Again, you can see that credit is equitably distributed across specific channels with Time Decay, although it’s not as evenly spread as Linear.

So, what would the result look like if you used that model too?

Unsurprisingly, paid search, which provides many of the early interactions, is assigned much more value with a Linear model than with Time Decay.

So, when we use a First Click model, which operates opposite to the Last Click, assigning all values to the first interaction, you can see that paid’s conversion value increases even further.

Attribution models interpret the same data set in various ways, painting different pictures for each channel or campaign performance.

Therefore, this highlights the importance of understanding each model and which one(s) best represents your data.

What It Means to You as a Marketer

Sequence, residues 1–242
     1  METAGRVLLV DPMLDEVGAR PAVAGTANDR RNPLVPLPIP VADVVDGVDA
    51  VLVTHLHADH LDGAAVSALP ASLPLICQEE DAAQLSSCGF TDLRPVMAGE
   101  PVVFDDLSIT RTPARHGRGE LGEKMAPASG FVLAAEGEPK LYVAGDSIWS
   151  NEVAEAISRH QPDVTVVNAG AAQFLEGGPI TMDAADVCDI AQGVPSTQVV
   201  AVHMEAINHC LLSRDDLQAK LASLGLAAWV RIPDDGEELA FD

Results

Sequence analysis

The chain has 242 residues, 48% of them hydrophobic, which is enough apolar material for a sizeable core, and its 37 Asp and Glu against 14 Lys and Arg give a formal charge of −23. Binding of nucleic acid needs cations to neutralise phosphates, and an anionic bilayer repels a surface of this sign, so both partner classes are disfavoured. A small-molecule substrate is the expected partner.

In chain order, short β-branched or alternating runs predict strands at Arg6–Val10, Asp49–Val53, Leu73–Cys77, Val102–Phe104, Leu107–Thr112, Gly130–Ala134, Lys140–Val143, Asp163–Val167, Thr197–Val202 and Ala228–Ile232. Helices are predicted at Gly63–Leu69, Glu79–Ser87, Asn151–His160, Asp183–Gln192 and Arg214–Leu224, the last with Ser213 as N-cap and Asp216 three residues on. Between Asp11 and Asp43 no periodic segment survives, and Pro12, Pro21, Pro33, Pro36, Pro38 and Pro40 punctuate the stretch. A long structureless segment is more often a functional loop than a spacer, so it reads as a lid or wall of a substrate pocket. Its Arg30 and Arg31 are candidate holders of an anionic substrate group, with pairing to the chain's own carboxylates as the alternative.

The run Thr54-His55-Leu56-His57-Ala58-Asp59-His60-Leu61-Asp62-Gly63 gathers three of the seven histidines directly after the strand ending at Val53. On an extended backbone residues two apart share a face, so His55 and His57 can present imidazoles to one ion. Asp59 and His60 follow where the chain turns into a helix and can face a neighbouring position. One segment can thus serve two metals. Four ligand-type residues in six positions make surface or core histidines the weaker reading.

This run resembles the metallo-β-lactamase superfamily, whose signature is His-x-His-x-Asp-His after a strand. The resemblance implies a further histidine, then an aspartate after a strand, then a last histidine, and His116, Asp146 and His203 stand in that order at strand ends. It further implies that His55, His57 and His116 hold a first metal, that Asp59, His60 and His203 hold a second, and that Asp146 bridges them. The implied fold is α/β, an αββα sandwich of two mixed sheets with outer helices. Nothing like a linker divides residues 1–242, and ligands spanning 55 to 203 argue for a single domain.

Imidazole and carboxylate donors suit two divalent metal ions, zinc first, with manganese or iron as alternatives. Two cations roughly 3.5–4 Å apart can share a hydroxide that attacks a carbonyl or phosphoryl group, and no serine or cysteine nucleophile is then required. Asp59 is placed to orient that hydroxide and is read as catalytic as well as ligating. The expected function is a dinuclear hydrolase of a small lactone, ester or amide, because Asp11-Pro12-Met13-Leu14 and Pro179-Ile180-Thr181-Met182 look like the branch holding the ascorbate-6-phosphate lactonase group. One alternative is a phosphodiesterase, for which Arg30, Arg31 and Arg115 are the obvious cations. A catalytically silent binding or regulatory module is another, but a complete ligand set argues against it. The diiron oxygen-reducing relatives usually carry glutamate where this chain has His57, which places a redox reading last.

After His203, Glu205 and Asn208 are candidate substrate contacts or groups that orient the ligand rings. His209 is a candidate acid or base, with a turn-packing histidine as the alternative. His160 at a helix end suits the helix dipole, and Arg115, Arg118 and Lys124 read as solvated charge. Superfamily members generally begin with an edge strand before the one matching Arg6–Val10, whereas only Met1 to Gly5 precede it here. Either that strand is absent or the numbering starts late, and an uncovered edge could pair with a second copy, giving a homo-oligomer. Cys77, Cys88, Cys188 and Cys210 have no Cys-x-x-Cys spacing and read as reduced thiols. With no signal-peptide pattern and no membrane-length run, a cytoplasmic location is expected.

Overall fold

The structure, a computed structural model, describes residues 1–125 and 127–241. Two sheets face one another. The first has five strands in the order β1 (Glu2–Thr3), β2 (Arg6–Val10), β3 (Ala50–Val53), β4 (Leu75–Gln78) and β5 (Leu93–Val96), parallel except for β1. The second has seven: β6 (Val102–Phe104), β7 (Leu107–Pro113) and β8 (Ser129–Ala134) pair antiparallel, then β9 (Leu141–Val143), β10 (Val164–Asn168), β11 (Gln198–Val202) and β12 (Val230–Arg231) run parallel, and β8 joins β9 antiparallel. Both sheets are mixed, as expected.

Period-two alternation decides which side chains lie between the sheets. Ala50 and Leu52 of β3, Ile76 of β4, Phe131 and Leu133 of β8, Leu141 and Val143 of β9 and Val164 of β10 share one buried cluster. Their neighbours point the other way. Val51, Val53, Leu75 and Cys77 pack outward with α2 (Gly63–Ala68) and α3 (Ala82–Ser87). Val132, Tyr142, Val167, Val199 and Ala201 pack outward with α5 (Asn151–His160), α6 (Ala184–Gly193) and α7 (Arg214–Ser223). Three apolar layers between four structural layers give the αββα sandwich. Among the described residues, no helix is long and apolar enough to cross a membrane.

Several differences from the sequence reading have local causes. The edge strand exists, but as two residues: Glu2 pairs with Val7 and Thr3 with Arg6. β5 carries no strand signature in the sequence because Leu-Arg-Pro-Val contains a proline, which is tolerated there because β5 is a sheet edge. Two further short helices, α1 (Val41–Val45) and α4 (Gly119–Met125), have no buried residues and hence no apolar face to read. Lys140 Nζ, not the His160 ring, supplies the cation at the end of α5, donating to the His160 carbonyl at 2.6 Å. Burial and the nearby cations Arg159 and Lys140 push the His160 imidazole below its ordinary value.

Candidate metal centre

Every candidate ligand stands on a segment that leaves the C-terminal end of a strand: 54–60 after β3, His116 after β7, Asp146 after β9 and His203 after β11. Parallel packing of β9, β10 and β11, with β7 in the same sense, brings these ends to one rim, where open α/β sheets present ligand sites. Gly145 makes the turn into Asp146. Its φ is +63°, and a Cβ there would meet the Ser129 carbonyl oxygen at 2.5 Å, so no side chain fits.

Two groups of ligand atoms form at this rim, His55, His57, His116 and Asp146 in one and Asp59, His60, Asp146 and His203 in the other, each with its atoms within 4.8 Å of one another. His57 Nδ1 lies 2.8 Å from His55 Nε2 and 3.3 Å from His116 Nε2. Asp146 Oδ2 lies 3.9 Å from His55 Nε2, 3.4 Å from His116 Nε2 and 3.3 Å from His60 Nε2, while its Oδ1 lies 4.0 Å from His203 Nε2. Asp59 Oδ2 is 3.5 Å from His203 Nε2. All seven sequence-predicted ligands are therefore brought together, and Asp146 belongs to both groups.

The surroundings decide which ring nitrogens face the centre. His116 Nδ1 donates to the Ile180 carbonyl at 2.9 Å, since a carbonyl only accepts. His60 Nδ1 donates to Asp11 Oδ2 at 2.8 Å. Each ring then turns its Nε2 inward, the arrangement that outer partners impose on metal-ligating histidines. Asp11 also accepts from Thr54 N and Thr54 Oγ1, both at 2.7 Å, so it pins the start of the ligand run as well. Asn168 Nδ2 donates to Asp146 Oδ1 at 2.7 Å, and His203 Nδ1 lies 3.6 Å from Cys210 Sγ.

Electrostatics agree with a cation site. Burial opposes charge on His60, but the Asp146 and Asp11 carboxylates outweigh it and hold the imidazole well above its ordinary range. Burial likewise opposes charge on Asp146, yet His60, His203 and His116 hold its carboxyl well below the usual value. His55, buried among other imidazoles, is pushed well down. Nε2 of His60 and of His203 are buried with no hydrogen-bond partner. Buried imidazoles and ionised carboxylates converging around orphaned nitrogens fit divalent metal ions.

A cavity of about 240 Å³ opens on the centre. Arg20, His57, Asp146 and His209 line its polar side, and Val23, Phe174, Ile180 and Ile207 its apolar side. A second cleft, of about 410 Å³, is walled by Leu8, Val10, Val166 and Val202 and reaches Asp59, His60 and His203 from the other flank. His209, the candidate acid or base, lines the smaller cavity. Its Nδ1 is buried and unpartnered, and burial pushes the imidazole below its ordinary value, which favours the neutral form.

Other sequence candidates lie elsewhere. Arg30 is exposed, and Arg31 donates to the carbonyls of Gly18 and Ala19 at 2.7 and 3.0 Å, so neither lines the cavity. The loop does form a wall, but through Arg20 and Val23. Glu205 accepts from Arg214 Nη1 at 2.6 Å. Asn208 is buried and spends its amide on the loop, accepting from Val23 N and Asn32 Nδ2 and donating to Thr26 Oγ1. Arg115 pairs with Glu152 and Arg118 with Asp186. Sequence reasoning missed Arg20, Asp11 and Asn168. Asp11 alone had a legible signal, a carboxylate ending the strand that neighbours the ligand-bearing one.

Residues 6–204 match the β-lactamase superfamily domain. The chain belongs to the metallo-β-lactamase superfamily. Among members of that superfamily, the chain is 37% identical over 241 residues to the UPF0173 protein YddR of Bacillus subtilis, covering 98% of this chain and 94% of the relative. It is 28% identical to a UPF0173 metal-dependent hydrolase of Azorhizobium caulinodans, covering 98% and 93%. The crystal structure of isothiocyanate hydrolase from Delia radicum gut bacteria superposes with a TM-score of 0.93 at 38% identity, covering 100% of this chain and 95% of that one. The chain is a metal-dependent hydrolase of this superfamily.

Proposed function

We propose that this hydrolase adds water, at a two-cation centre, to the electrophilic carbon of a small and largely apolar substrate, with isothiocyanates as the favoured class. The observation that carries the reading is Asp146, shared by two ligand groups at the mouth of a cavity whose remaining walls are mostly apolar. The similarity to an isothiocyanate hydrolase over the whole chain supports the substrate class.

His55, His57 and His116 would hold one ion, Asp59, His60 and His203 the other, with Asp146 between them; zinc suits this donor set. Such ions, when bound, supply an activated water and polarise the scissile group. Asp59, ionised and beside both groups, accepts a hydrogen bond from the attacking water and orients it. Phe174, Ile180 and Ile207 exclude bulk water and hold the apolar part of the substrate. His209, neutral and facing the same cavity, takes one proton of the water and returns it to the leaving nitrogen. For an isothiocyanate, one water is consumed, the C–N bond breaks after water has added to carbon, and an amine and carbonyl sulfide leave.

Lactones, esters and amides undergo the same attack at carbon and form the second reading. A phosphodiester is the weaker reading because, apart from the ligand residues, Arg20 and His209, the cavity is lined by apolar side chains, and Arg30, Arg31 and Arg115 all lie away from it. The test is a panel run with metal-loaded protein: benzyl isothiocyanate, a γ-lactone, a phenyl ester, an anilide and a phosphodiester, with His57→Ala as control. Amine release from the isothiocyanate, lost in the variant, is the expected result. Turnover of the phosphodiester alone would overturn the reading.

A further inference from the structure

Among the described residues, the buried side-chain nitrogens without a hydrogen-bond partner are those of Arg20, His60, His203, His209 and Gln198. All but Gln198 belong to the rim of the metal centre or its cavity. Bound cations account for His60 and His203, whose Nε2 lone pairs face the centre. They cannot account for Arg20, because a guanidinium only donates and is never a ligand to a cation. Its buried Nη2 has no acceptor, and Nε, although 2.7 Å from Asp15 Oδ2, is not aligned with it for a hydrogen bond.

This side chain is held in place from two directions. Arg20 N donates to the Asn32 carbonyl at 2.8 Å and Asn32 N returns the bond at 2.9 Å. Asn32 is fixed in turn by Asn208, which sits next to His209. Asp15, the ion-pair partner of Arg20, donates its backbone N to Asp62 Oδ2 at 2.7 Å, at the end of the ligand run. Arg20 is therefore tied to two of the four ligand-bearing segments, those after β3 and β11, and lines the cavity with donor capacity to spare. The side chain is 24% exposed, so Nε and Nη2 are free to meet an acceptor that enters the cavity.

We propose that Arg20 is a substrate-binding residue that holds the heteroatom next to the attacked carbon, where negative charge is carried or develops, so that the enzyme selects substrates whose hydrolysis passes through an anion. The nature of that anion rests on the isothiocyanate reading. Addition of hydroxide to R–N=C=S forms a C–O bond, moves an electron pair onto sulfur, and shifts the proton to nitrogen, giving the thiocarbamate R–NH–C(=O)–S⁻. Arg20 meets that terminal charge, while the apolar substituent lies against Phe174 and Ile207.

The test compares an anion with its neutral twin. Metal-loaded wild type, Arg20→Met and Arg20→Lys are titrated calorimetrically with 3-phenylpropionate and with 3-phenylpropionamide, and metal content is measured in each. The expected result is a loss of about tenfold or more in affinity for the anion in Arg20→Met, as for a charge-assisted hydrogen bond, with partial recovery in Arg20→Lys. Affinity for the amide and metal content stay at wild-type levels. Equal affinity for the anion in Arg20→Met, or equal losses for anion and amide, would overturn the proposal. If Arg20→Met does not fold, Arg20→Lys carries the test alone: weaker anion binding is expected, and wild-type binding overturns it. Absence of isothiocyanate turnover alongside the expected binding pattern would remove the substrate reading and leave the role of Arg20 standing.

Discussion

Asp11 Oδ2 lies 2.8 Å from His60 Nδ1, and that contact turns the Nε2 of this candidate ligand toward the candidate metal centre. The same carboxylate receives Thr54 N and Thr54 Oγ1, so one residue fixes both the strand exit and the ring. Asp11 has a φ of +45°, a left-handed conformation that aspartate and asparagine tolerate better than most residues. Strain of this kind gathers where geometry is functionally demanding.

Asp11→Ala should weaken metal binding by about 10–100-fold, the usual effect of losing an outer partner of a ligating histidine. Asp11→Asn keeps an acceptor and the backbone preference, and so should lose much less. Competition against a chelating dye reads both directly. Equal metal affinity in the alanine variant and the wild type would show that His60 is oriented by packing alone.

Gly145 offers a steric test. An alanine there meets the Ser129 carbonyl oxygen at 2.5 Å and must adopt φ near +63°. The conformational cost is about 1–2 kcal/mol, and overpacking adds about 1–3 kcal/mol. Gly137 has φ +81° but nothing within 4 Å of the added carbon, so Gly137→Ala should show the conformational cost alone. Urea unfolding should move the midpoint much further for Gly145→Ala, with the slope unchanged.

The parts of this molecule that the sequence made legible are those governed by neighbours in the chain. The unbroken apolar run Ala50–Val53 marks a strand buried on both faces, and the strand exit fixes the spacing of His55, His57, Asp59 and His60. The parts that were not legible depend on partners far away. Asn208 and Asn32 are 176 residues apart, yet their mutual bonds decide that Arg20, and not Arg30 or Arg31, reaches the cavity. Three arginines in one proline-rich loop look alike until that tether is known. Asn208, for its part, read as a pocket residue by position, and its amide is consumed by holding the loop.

When considering how the paid channel acquires users and what stage they come in the conversion funnel, we can see that using the Last Click model is not the fairest when reviewing performance. It also overweighs credit to channels that typically acquire returning visitors, such as direct.

There isn’t a ‘correct answer when assigning an attribution model to analyze paid traffic performance. However, you need to select one that supports early interactions as this is where the main paid touchpoints will be found.

Our recommendation is to use an attribution model that supports multiple touchpoints rather than one singular. So, Linear or Position-Based could be appropriate choices. Those who use Google Ads may access a Data-Driven Attribution Model (DDAM), which is fluid, segmenting each conversion’s value in a bespoke manner to different interactions.